Friday, July 24, 2009

Holly Sklar: "Minimum Wage Stuck in the 1950s"

From Common Dreams:

"It would take $9.92 today to match the buying power of the minimum wage at its peak in 1968, the year Martin Luther King died fighting for living wages for sanitation workers.

In today's dollars, the 1968 hourly minimum wage adds up to $20,634 a year working full time. The new federal minimum wage of $7.25 comes to just $15,080. That's $ 5,554 in lost wages.

"It is criminal to have people working on a full-time basis ... getting part-time income," King told workers in Memphis, Tenn., days before his murder. King said, "We are tired of working our hands off and laboring every day and not even making a wage adequate with daily basic necessities of life."

Imagine what King would say today.

The minimum wage is stuck in the 1950s. With the raise, the minimum wage is higher than 1950's inflation-adjusted $6.71, but lower than the 1956 minimum wage of $7.93 in today's dollars."

Sklar points out something that I hadn't thought about in a while: that the lack of buying power on the part of greater and greater numbers of people may lead to a Keynesian crisis of demand, where there aren't enough consumer dollars flowing into general industry to keep it going. I'm talking about basics as opposed to luxuries. If there isn't enough demand for regular, working class, goods, then factories will go idle and the entire economy will experience a crisis, whereas if there's enough money flowing in to power it it'll keep going. More money going in means more wages being paid out.

This is the fallacy of consumer confidence polls. People can be as confident as they want but if they don't have the money to spend to satisfy that demand it doesn't matter much whether they're enthusiastic about consumption.

As Sklar notes later in her article, the money that used to go the vast base of people in society is being concentrated in fewer and fewer hands. This isn't Marxist rhetoric, it's reality:

"In 1968, the richest 1 percent of Americans had 11 percent of national income. By 2006, they had 23 percent - the highest share since 1928, right before the Great Depression."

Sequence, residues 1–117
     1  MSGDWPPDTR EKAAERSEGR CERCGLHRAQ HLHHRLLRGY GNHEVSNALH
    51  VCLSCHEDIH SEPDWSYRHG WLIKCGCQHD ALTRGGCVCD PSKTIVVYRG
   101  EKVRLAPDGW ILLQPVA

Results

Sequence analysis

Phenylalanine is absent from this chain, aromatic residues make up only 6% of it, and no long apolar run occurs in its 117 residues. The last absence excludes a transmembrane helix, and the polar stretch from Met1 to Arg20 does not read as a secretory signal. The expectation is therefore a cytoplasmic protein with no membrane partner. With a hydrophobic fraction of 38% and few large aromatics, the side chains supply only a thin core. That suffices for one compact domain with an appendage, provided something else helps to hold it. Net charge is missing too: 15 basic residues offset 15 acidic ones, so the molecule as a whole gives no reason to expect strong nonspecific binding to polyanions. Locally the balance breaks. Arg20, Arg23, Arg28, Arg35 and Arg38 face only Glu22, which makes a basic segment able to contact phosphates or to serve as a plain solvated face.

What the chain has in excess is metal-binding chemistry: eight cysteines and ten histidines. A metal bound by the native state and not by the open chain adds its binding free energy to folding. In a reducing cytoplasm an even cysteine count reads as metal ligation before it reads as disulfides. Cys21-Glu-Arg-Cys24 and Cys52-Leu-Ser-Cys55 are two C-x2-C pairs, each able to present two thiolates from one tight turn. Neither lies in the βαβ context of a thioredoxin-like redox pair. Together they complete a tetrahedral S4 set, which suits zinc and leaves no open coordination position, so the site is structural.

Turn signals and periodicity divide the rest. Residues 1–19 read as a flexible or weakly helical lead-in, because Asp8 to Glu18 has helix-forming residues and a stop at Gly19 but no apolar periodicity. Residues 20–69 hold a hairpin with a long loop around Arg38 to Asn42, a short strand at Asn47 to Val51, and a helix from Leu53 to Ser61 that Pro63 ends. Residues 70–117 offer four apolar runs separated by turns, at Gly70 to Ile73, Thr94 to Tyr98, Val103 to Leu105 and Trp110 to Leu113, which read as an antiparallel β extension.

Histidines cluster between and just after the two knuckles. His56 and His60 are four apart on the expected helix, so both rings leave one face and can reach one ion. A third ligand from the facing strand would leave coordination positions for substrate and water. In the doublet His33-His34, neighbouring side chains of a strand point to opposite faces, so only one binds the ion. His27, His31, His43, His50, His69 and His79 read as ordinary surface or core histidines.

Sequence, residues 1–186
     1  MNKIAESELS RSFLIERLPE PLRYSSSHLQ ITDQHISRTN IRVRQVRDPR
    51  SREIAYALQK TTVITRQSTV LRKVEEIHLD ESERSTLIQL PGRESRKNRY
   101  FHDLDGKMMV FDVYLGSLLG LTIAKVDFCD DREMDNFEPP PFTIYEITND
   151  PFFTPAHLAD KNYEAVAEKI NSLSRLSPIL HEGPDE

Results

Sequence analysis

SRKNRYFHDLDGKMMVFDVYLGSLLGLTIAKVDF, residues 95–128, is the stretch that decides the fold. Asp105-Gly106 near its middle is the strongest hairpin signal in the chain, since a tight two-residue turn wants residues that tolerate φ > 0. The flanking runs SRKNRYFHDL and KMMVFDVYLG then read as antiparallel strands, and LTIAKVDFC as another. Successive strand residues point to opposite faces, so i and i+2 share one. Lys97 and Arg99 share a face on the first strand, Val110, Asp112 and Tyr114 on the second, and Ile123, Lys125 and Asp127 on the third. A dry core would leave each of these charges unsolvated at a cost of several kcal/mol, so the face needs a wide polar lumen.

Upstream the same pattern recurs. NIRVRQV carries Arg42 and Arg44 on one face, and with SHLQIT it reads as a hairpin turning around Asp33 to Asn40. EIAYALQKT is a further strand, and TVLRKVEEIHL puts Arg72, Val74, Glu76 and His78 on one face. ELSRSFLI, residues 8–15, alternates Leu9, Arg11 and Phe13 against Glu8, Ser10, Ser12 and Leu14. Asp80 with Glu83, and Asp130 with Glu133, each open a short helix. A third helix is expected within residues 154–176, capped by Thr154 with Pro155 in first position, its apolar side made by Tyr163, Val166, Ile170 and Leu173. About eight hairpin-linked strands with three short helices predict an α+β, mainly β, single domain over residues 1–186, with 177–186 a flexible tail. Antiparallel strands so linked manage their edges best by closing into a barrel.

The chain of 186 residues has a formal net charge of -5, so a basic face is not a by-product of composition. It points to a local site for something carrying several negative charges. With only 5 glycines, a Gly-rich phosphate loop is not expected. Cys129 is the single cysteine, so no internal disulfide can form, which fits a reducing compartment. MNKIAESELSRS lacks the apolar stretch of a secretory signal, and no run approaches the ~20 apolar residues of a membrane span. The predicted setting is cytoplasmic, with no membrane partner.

Beyond being unjust, the significance of this increasing disparity is the following: rich people don't spend all their money, and much of what is spent is spent on custom luxuries that are outside the realm of the real economy. Because of this, there's a tendency for the money that gets into their hands not to be recycled back into the economy. The source of their money is the producing and selling of goods used by society as a whole, not luxuries. The big car companies didn't get rich because they only sold custom made Rolls Royce types of cars. But executives who get more of the money tend not to spend it on the proletarian, modest, cars that they oversea the production of. This takes the money out of the essential cycle of production and consumption that powers the economy, if you multiply what's going on over most industries. Working people, on the other hand, do spend most of what they earn, and they do spend it on the basics that keep the economy running.

If you undercut that base the real economy experiences a crisis, with no one having enough money to buy anything, leading to people getting laid off, leading to more people not being able to afford things, leading to more people getting laid off.

The truth of the matter is that the economy cannot survive on custom woodworkers. The essence of the economy has always been the working class and the middle class, which of course overlap. Take that out and you might as well be living in the woods.

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